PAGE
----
Hvita River is a popular place for river rafting and to raft through Bruarhlod is adventure that is difficult to describe with words. Travelers should make a note to stop at Bruarhlod, view the magnificent nature and the rock formations.

Nature
15.49 km
Gullfoss waterfall

Gullfoss is actually two separate waterfalls, the upper one has a drop of 11 metres and the lower one 21 metres. The rock of the river bed was formed during an interglacial period.

Water flows over Gullfoss at an average rate of 109 cubic metres per second. The heaviest floods have recorded a flow of 2000 cubic metres per second. During the summer the flow is 130 cubic metres per second, which would take only 3 seconds to fill this building. People were eager to exploit the power potential of Gullfoss and many plans for hydroelectric developments on the river Hvítá have been proposed.

History and Culture
20.58 km
Skálholt Church

Situated in the lower part of the Biskupstungur valley between the rivers Hvítá and Brúará, Skálholt is one of Iceland's places of special historical interest. For seven centuries it was the scene of the most dramatic events which shaped the political, spiritual and cultural life in Iceland. Its early history is traced back to the 11th century when religious disputes were at their sharpest in Iceland. Within two centuries of the settlement of Iceland, the first bishopric was founded at Skálholt in 1056 for South Iceland, and soon a second at Hólar in 1109 for North Iceland.

The man who chose Skálholt as the site of the first Episcopal see in Iceland was Ísleifur (1006 - 1080), son of Gissur the White. Skálholt had earlier been his patrimonial estate and his grandfather, Teitur Ketilbjarnarson, was the first settler there. According to an old account, Skálholt was at that time "the largest town in Iceland". Ísleifur's father, who was a wealthy aristocrat and a redoubtable political figure as well, played a decisive role in the Christianization of Iceland and the future status of the church. He built the first church in Iceland at Skálholt around the year 1000.

In the 12th century bishop Klængur Þorsteinsson built a great cathedral at Skálholt. It was a sumptuous edifice made of timber shipped from Norway. For centuries Skálholt was the centre of learning and culture in Iceland, a status which lasted up to the Reformation in 1550.

In 1954, a team of archaeologists, while digging up the foundations of the old cathedral, came upon a sarcophagus which was believed to contain the skeleton of Páll Jónsson, one of the most powerful bishops of Skálholt. His sarcophagus, together with a few relics found at the scene, is now on display in an underground vault beneath the new memorial church built during 1956-1963 on the site of the old cathedral. All churches in Scandinavia contributed financially to its construction.

The last Catholic bishop of Iceland, Jón Arason, was executed at Skálholt in 1550, along with his two sons. He had opposed the Reformation imposed upon Iceland by King Christian III of Denmark. Today, a memorial stands at the site of the execution. Arason's Episcopal robes are on display at the National Museum of Iceland in Reykjavík.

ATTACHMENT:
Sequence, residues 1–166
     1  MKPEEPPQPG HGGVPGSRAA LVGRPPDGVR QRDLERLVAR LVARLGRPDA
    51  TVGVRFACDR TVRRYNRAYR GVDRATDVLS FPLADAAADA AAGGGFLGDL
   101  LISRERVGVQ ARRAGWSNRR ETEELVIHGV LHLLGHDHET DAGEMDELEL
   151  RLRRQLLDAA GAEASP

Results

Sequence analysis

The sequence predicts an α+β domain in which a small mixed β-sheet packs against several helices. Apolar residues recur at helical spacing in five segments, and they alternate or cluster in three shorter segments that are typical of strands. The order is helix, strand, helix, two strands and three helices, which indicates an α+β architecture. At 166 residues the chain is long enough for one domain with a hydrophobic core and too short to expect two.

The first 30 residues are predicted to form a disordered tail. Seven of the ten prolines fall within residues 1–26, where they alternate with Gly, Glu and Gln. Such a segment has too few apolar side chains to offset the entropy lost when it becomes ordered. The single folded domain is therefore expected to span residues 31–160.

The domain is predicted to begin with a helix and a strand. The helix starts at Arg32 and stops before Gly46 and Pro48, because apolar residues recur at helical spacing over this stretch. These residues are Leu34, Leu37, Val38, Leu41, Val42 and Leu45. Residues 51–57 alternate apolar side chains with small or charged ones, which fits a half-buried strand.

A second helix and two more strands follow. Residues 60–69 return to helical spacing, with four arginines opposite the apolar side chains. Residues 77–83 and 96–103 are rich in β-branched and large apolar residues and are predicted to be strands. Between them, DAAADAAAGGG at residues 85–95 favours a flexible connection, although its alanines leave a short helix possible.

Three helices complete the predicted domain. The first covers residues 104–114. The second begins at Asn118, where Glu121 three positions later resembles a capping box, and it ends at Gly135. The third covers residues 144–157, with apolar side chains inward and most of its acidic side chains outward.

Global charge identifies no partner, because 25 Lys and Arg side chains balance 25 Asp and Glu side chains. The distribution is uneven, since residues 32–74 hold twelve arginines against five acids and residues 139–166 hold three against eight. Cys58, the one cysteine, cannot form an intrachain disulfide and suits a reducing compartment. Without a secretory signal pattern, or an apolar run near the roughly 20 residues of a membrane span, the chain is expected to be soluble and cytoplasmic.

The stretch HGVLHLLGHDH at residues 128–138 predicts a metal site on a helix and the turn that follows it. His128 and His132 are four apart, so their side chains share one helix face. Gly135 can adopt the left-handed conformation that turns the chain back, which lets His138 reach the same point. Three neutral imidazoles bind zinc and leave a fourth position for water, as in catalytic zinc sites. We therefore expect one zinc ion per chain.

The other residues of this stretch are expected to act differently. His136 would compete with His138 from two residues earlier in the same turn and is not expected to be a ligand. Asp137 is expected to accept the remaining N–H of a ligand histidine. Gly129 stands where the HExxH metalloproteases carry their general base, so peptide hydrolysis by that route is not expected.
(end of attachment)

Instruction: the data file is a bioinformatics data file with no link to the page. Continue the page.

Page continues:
Today, Skálholt is visited for the new cathedral, the tomb of bishops, the museum, and the collection of ancient books in the tower.

Wild Life
15.36 km
Haukadalsskógur Forest

Haukadalsskógur forest is the most highly cultivated of the national forests in Iceland and one of the biggest national forests in South-Iceland. A great outdoor area, with walking trails for wheelchairs as well.

Others

Samansafnið Museum
Museums
  • Sólheimar
  • 845 Flúðir
  • -

Others

Café Mika
Restaurants
  • Skólabraut 4
  • 806 Selfoss
  • 486-1110
Slakki Mini Zoo
Mini-Zoo & Open farm
  • Laugarás
  • 801 Selfoss
  • 486-8783, 693-0132, 868-7626
Guesthouse Flúðir
Guesthouses
  • Grund
  • 845 Flúðir
  • 5659196, 896-1286, 896-7394
Gullfosskaffi
Cafés
  • Gullfoss
  • 801 Selfoss
  • 4866500
Við Faxa
Camping
  • Heiði
  • 801 Selfoss
  • 774-7440
Faxi Camping Ground
Camping
  • Biskupstungur
  • 806 Selfoss
  • 774-7440
Heidmork
Farm food direct
  • Heiðmörk, Biskupsstungum
  • 801 Selfoss
  • 486-8875, 892-2965
Engi
Farm food direct
  • Engi, Laugarási
  • 801 Selfoss
  • 486-8913
Minilik Ethiopean Restaurant
Restaurants
  • Gilsbakki
  • 845 Flúðir
  • 846-9798
Langholtskot
Farm food direct
  • Langholtskot, Hrunamannahreppi
  • 845 Flúðir
  • 894-4933
Geysir Glíma
Restaurants
  • Geysir, Haukadalur
  • 806 Selfoss
  • 4813003

South Iceland

Towns & Villages

The south of Iceland has several towns and villages, each with its own style, charm and points of interest. Selfoss is the largest town and has a variety of shops, services, many restaurants and fast food places. Most towns are close to the main route, making them accessible and enjoyable.

Explore map by categories

Map Höfn Kirkjubæjarklaustur Vík Vestmannaeyjar Hvolsvöllur Flúðir Laugarvatn Reykholt Laugarás Borg Brautarholt Hveragerði Árnes Selfoss Hella Stokkseyri Eyrarbakki Þykkvibær Þórlákshöfn